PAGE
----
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Volunteers Wanted for PTSD Study of Treatment Some Call a “Miracle”

sgb study

By Debbie Gregory.

The Pentagon is funding a treatment study that could be a life-saver for those suffering from PTSD.

The treatment utilizes an injection of a local anesthetic next to a bundle of nerves in the neck. So far, it has eased post-traumatic stress symptoms in some patients in as little as 30 minutes with dramatic, lasting results.

The stellate ganglion block could revolutionize the way PTSD is viewed and treated, according to doctors familiar with the experimental procedure.

“It has the potential to be a huge game changer for many, many affected people with PTSD, whether from combat, sexual assault or other trauma,” said Col. James Lynch, command surgeon for U.S. Special Operations Command Africa in Stuttgart.

The block is offered as treatment for PTSD at a handful of Army hospitals, including Landstuhl Regional Medical Center (LRMC) in Germany, Womack Army Medical Center at Fort Bragg, N.C., and Tripler Army Medical Center in Honolulu, Hawaii, but still lacks clinical evidence of success.

The Pentagon study could change that.

RTI International, a research institute in Raleigh, N.C., received a $2 million grant from the U.S. Defense Department to conduct the trial.

Enrollment for the study began about five months ago. Researchers are hoping to get at least 240 active-duty military volunteers by the time the study concludes next year in November.

The study is open to active-duty servicemembers who have been diagnosed with PTSD or think they might have PTSD. The source of PTSD can be any traumatic experience, not just combat.

In an effort to increase enrollment, the study was recently opened to servicemembers being treated for psychological or behavioral health issues, LRMC officials said. Volunteers can receive up to $115 for the time they spend participating in the study.

Volunteers receive two injections, two weeks apart. One in three receive a placebo of saline solution instead of the active treatment. The injection takes 10-15 minutes.

For more information, visit sgbstudy.rti.org or call Russ Peeler, Study Site Coordinator at 800 334-8571, ext. 28359.

Military Connection: DOD Awards $2 Million Grant for PTSD Research

SGB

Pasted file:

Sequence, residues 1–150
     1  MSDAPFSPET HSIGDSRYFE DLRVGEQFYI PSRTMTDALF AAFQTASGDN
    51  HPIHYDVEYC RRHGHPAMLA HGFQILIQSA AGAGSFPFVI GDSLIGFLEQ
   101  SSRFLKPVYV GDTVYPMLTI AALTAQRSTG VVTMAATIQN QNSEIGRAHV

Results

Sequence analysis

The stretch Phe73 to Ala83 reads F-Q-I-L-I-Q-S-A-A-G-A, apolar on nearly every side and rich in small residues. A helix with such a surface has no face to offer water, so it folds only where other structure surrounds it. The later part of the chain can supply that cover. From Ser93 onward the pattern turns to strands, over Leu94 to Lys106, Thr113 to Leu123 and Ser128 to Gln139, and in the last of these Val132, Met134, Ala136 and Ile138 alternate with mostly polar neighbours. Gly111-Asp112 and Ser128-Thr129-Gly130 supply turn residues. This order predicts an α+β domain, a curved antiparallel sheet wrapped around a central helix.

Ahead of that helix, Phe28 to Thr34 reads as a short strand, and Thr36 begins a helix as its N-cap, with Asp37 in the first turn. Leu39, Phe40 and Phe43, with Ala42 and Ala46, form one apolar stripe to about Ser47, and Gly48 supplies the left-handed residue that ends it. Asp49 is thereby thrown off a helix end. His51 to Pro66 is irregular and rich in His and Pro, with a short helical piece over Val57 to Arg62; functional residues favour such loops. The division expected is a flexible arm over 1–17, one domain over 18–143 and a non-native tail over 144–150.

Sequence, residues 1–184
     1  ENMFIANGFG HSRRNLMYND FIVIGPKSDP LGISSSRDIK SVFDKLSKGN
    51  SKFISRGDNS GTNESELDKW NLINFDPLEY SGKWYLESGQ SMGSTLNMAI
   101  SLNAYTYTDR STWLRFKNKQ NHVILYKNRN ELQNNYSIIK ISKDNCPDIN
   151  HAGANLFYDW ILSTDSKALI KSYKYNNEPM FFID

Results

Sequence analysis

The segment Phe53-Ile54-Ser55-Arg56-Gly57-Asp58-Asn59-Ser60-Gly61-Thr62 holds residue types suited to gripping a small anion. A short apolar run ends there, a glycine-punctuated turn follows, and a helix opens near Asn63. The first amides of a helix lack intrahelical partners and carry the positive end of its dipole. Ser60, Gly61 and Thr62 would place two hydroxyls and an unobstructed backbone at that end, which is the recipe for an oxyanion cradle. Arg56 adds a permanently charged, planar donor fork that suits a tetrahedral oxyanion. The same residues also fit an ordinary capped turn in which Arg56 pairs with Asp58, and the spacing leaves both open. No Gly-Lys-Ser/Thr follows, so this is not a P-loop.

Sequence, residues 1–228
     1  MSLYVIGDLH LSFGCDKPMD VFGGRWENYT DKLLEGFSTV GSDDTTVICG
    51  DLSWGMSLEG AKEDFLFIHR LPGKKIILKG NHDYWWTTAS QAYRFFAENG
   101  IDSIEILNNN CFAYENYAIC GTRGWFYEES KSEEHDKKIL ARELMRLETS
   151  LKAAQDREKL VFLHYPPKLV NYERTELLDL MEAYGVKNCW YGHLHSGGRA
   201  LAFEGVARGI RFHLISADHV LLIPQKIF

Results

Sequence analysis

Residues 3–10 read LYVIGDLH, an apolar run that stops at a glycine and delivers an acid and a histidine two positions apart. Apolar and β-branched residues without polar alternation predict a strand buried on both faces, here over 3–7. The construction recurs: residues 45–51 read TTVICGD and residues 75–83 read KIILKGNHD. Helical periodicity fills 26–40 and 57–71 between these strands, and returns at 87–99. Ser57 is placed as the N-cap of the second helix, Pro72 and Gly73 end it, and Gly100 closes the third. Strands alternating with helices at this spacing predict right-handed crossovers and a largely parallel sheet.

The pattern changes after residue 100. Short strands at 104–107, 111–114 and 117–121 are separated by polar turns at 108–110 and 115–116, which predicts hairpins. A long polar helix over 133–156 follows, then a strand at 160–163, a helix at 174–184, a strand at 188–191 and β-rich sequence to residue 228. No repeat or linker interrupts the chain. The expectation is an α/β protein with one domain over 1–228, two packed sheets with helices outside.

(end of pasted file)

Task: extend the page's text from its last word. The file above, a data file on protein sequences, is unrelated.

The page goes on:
By Debbie Gregory.

The U.S. Department of Defense (DOD) has awarded a $2 million grant to RTI International, a nonprofit organization that is dedicated to improving the human condition by turning knowledge into practice.

The DOD grant will allow RTI International to lead the first randomized, controlled trials of a procedure to treat Post-Traumatic Stress Disorder (PTSD) symptoms by injecting an anesthetic into the nerve tissue at the base of the patient’s neck. Initial research has found basis to believe that the procedure, called Stellate Ganglion Block, has the potential to relieve PTSD symptoms. The procedure is intended to block the sympathetic nerve system in order to relieve the physical stress that is associated with instances of PTSD symptoms. In other words, this procedure combats the “fight or flight” feeling that is associated with PTSD.

Stellate Ganglion Block has been in use for about 100 years, mostly for treating chronic pain of the limbs. Only in the last few years has the procedure been used as a treatment for PTSD symptoms. The use of Stellate Ganglion Block is not being proposed as a cure for PTSD; raher, a way to alleviate symptoms. The traumatic experiences that caused the disorder will not be erased from the PTSD sufferer’s mind. But the procedure will help relieve the anxiety that the memories of those traumatic experiences cause.

As part of RTI International’s three year study, three military hospitals were chosen: Landstuhl Regional Medical Center in Landstuhl, Germany; Tripler Army Medical Center in Honolulu, Hawaii; and Womack Army Medical Center at Fort Bragg, in California. The three facilities were chosen because they had previously used Stellate Ganglion Block to treat PTSD, on a limited basis. The study will enroll 250 active duty service members who have been diagnosed with PTSD.

For the study, participants will receive two injections, two weeks apart. The injections will be followed by mental health assessments that will be conducted at weeks 4, 6 and 8. The assessments will include a qualitative component to gather impressions of the procedure from the patients, their families, behavioral therapists and psychiatrists. The study will also use a placebo control group that will receive injections of saline.

Unfortunately, PTSD is an affliction that is rampant in the military community. It has been estimated that as many as 20% of Iraq and Afghanistan Veterans suffer from the disorder. For the most part, prescribed treatments for PTSD included a lot of prescription drugs. The heavy use of drugs does little to treat the patient, and more often than not leads to other mental and physical health problems, including substance abuse of these very same prescribed drugs.

Proponents of Stellate Ganglion Block claim that the procedure is a low-risk injection that has very few negative side effects.

Our service members and Veterans deserve the very best treatment for whatever ails them. If any new procedure or method of care arises that could improve the lives of those who serve, then those procedures and methods should be given a chance.

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Military Connection: DOD Awards $2 Million Grant for PTSD Research: By Debbie Gregory